by James Frierson
A temporal rift in the clouds expelled a Time Pod that displaced flurries of snow. The Leader positioned her Prime Combat Mech between the crash site and a charging Vek Beetle. She died on impact.
They carried her body in a stretcher covered by a Detritus Disposal flag. Those who were idle removed their hats and saluted in solemn respect. The mech's hands needed to be washed of mucus and mud and melted ice. The air smelled of coolant gel and disinfectant.
We were mobilized across the continent to the Pinnacle Robotics HQ. Mess hall tables buzzed with gossip over the rescued time traveler, our only remaining human pilot. Legend said he'd made over a thousand jumps; how many of those timelines ended in annihilation is uncertain. To some he was a miracle from heaven, to others a rushed hotfix for a system approaching catastrophic failure.
I didn't know what to think. I'd seen The Leader coordinate elaborate attack patterns like a choreographer directing a ballet. I watched her Rift Walkers decimate invasions with ruthless precision. She left the battlefield littered with Vek corpses smoldering from cannon fire or crushed against a mountainside. She commanded her giant with the grace of an ocean wave and the ferocity of a pre-war silverback gorilla.
But she also let many die. When I stare at the barracks ceilings at night I see entire blocks of skyscrapers perforated by a Firefly's accelerating thorax. I hear the screams of those who looked to her to save them. I see her back turned to the calculated loss, her armored fists ready to counter-attack.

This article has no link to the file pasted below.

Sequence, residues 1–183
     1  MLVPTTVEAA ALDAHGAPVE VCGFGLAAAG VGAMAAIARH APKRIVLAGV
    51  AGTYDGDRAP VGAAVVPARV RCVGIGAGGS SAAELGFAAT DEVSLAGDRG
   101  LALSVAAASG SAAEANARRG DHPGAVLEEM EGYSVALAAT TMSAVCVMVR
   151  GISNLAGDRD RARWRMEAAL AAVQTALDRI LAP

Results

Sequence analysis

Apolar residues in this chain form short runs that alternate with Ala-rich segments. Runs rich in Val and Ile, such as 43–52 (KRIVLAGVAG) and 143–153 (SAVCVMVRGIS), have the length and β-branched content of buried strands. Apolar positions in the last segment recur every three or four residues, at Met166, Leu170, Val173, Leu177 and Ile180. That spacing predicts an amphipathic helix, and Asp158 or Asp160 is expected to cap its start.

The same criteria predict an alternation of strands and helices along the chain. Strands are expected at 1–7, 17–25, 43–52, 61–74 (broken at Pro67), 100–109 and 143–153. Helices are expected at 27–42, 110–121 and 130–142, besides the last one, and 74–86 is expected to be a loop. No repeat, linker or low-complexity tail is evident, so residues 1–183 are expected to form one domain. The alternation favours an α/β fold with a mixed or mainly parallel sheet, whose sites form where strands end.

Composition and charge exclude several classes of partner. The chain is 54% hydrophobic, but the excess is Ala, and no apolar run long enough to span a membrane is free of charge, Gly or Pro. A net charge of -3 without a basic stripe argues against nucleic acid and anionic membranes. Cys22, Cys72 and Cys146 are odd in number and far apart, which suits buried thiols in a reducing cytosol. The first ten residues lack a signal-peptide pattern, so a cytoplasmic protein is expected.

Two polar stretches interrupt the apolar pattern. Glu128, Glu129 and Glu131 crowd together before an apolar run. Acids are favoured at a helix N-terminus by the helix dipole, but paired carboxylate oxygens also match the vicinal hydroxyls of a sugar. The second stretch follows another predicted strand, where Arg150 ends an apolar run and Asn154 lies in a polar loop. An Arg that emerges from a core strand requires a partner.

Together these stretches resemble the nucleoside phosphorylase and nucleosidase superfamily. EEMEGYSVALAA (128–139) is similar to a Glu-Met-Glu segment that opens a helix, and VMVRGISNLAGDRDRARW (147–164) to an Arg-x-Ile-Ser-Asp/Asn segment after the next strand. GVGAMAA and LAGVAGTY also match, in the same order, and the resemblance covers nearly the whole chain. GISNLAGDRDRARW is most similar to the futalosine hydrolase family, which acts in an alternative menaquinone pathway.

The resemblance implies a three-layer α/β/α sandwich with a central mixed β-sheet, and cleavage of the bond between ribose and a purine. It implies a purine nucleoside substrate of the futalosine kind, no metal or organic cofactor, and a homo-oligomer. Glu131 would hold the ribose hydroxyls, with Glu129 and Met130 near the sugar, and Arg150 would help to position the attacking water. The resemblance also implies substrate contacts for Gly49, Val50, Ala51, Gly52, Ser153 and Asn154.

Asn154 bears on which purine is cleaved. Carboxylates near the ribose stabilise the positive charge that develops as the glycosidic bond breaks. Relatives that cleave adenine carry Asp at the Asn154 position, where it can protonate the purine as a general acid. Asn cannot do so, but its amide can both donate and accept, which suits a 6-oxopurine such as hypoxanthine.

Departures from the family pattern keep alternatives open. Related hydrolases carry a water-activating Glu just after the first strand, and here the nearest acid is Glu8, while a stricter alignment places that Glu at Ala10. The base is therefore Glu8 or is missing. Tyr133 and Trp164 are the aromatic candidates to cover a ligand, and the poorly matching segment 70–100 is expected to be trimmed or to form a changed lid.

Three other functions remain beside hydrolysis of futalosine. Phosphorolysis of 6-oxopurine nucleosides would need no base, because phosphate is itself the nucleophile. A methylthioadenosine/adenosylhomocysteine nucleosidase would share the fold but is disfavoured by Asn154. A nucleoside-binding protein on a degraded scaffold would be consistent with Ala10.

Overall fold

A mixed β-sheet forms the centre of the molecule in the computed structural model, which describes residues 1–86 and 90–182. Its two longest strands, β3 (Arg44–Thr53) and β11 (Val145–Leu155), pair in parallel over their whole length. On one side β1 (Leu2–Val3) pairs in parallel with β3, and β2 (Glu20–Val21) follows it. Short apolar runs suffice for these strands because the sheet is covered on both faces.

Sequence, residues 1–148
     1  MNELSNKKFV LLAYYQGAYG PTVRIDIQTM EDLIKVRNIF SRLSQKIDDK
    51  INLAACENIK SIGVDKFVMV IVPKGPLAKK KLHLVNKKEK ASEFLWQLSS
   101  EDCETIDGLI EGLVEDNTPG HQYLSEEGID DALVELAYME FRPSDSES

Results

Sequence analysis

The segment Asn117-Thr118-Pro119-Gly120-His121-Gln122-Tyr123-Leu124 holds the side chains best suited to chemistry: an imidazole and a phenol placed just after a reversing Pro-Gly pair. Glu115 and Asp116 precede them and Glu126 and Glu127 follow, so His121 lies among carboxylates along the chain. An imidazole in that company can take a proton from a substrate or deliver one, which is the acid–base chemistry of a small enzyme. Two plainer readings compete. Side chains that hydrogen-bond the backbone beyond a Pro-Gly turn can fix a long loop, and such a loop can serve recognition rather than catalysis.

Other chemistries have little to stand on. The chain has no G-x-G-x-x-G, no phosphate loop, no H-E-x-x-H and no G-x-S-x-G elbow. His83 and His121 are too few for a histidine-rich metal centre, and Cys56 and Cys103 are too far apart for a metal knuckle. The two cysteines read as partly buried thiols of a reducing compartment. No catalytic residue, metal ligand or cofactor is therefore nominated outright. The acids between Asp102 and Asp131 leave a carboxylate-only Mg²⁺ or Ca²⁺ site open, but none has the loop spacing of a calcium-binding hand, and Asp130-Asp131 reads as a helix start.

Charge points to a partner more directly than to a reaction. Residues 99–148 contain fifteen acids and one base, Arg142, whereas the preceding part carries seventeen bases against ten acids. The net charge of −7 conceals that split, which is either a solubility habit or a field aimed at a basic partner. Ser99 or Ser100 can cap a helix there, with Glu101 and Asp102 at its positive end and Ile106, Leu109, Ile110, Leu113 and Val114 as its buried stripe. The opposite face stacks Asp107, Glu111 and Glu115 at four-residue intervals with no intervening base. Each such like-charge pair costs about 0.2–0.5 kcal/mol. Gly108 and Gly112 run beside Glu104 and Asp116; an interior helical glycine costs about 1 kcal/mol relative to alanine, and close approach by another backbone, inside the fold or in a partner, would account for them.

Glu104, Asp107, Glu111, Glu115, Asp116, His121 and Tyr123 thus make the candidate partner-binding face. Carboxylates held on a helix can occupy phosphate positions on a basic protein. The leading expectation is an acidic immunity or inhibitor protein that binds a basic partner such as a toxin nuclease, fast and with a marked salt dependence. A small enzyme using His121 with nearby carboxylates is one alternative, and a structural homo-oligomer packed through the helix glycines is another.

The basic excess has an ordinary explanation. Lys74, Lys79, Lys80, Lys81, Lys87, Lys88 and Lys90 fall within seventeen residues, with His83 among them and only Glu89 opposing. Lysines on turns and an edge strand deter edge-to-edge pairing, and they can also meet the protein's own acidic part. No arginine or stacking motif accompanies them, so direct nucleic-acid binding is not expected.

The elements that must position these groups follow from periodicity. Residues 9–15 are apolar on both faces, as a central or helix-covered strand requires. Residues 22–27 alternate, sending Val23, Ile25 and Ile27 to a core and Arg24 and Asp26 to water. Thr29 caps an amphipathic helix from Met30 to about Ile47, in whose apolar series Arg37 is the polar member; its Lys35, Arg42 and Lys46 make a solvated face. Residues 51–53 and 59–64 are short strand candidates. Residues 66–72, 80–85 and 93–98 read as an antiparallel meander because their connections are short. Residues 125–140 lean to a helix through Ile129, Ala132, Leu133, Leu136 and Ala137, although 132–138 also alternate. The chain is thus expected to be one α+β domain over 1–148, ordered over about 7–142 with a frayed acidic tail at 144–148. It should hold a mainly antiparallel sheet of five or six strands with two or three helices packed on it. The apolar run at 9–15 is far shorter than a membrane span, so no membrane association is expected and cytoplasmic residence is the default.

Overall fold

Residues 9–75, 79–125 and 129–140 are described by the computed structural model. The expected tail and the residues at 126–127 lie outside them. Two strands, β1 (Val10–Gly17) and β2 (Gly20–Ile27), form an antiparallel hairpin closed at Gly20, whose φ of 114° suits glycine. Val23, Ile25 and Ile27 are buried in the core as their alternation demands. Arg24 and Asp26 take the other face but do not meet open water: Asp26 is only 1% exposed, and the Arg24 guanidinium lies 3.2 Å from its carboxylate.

On one of those sleepless nights, I decided to grab my gear and run some tests to take my mind off the impending battle. At 0300, the hangar was dark except for a smattering of faces illuminated blue by the laptops warming our legs. I was nestled in a web of fiber optics leading to the Combat Mech's Titan Calibration Architecture, elevated to the height of its chest.
He appeared like a ghost amid the din of rumbling engines. The time traveler glided along the floor in a long black coat. The whine of the power lift brought him slowly to my level.
His face was cut deeply like a canyon wall. I could see a faint resemblance of a man behind an impenetrable veil. He looked at me the same way a mathematician would regard a geometric shape. It was in that moment I thought I could ask God a question, but the gravity in his eyes told me everything I'd need to know.
The Original clambered towards the cockpit and sunk hard into the weathered seat that had grown cold. He settled with the estranged bedfellow who swallowed him whole. He bowed his head and began to dream. I watched as he reached across realities to communicate with an old friend. ◒
James Frierson is an Austin-based writer curious about how media influences our self-interpretations. You can find more of his writing, including fiction, game criticism, and travel blogging, at Polyphonic Prayer. His Twitter, @JamesB_Frierson, is very silly and sometimes has nothing to do with anything.